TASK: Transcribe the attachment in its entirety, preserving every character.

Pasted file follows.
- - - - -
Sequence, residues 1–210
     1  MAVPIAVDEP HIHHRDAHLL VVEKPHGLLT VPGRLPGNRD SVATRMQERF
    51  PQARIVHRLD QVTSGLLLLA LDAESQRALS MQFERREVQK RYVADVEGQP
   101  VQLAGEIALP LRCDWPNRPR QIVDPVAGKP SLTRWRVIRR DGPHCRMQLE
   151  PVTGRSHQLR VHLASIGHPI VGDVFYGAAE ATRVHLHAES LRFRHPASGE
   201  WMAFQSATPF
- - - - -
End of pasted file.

Sequence, residues 1–210
     1  MAVPIAVDEP HIHHRDAHLL VVEKPHGLLT VPGRLPGNRD SVATRMQERF
    51  PQARIVHRLD QVTSGLLLLA LDAESQRALS MQFERREVQK RYVADVEGQP
   101  VQLAGEIALP LRCDWPNRPR QIVDPVAGKP SLTRWRVIRR DGPHCRMQLE
   151  PVTGRSHQLR VHLASIGHPI VGDVFYGAAE ATRVHLHAES LRFRHPASGE
   201  WMAFQSATPF